Ehtyar.
1094  Main Area and Open Discussion / Living Room / Re: New Adobe Flash Player Security Exploit Reported Today (tuesday may 27) on: May 27, 2008, 08:51:03 PM
Ehtyar: thanks for that word of warning, if it's not been fixed, that basically means FlashBlock is useless.
...
Is the exploit that's now in the wild based on the NULL pointer exploit? Pretty nasty stuff.
And thank you for the technical info f0dder. Very interesting, not to mention fear-instilling.

Ehtyar.
1095  Main Area and Open Discussion / Living Room / Re: New Adobe Flash Player Security Exploit Reported Today (tuesday may 27) on: May 27, 2008, 05:30:03 PM
My experience with FlashBlock (up until about 6 months ago) was that flash movies would occasionally be loaded prior to FlashBlock disabling them. I believe it is not as deeply integrated into the browser as NoScript is, which is why i switched (plus j/s and xss protection etc), and have not had the same problem since. I would recommend NoScript over FlashBlock both for the additional functionality, and the seemingly tighter protection.

Ehtyar.
1096  Main Area and Open Discussion / General Software Discussion / Re: Verifying if an email has been spoofed on: May 07, 2008, 05:25:16 PM
thanks Ehtyar - will check that out
You're most welcome smiley
I'd also like to say I've been using Thunderbird for at least two-three years now, have never compacted my database (I was an ignorant boob) until Googling this database corruption business, and despite my inbox containing almost 10,000 emails have never had a database corruption issue.

Ehtyar.
1097  Main Area and Open Discussion / General Software Discussion / Re: Verifying if an email has been spoofed on: May 01, 2008, 05:07:47 PM
I was searching the forum for topics about signing/verification of email and I came across this post, unanswered. I have recently set up my primary email addresses with GPG, so here's my advice. By a mile, using Thunderbird with its Enigmail extension is the simplest and least painstaking way of implementing email signing. I cannot offer advice outside these two applications, though i should be able to answer any basic questions you have. Perhaps the quickest way to get started with Thunderbird and Enigmail would be to follow their Quick Start Guide. I didn't use it, but it seems to be very clear-cut and complete.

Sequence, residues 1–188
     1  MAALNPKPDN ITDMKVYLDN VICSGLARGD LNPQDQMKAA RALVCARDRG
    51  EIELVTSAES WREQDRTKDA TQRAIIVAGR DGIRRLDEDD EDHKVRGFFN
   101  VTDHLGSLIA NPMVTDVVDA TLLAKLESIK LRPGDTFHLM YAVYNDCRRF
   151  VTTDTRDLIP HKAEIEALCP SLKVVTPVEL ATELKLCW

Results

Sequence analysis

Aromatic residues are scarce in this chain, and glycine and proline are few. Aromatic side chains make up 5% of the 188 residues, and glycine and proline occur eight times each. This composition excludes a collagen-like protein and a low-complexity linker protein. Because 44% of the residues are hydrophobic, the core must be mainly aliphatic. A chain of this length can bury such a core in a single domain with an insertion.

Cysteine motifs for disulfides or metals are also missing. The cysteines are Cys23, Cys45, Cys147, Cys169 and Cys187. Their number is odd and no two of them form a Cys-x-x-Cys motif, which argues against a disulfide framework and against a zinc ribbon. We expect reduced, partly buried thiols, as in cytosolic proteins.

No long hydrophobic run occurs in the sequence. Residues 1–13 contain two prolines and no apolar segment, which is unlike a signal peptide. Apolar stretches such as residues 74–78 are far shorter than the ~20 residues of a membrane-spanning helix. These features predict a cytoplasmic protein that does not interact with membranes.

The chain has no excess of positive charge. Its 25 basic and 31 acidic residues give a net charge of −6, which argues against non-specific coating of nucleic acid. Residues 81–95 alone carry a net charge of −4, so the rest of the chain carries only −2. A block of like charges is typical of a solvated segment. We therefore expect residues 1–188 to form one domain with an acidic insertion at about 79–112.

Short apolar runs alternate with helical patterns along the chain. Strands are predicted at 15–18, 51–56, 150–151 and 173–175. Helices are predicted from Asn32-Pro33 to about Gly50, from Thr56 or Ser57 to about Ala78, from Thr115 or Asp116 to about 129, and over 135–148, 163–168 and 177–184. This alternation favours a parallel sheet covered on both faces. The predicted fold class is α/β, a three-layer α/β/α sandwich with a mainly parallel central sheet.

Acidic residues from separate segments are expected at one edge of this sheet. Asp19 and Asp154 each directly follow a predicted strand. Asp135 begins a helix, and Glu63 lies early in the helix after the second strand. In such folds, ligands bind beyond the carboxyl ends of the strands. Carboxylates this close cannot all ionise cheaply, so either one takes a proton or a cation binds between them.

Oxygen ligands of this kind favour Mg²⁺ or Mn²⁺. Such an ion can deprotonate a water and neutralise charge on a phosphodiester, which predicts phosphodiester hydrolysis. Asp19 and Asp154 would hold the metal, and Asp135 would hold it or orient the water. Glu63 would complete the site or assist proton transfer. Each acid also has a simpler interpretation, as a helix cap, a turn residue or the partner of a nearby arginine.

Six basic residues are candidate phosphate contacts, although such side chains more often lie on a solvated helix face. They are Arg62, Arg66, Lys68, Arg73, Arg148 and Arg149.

Hope this helps, Ehtyar.
1098  Main Area and Open Discussion / Living Room / Re: might be a bit off BUT i would like advice about a game ( not another one) on: April 24, 2008, 06:22:43 AM
You can try to identify the host for online play and tracert it, but this will only identify the lagging hop (if indeed it is a hop) and will do nothing to mitigate the problem. It has been known to improve your latency during online gameplay by setting your TcpAckFrquency to 1 but the benefit is minimal and will likely have little effect on such high latency as you are experiencing.

Ehtyar.
1099  Main Area and Open Discussion / Living Room / Re: British money is about to get really cool on: April 09, 2008, 04:18:40 PM
Any Aussies here? You all have some very slick bills there! Something the rest of the world may do well to follow!
Indeed, our bills are extremely ├╝ber, though having a two dollar coin smaller than the one dollar coin almost cancels it out  undecided

Ehtyar.
1100  Main Area and Open Discussion / General Software Discussion / Re: Open Source Sorftware Security on: March 25, 2008, 03:25:37 PM
Hm, I don't know if there has been exploits for Foxit Reader (or Sumatra, which is both freeware and open-source) - but Acrobat Reader has had security hole(s) that were exploitable by maliciously crafted .pdf files.
Presumably you're referring to the JavaScript exploit found last year, in which case no, Sumatra and Foxit were not found to be vulnerable.

Ehtyar.